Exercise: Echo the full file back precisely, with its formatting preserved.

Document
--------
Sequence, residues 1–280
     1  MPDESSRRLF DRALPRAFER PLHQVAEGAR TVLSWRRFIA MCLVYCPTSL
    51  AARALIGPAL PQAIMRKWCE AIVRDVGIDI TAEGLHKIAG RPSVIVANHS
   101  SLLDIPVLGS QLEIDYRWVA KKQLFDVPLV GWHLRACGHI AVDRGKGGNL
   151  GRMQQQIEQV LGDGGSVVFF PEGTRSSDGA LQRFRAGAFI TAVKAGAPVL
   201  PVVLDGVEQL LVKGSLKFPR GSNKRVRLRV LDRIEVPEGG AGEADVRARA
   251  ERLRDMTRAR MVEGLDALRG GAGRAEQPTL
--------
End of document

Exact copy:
Sequence, residues 1–280
     1  MPDESSRRLF DRALPRAFER PLHQVAEGAR TVLSWRRFIA MCLVYCPTSL
    51  AARALIGPAL PQAIMRKWCE AIVRDVGIDI TAEGLHKIAG RPSVIVANHS
   101  SLLDIPVLGS QLEIDYRWVA KKQLFDVPLV GWHLRACGHI AVDRGKGGNL
   151  GRMQQQIEQV LGDGGSVVFF PEGTRSSDGA LQRFRAGAFI TAVKAGAPVL
   201  PVVLDGVEQL LVKGSLKFPR GSNKRVRLRV LDRIEVPEGG AGEADVRARA
   251  ERLRDMTRAR MVEGLDALRG GAGRAEQPTL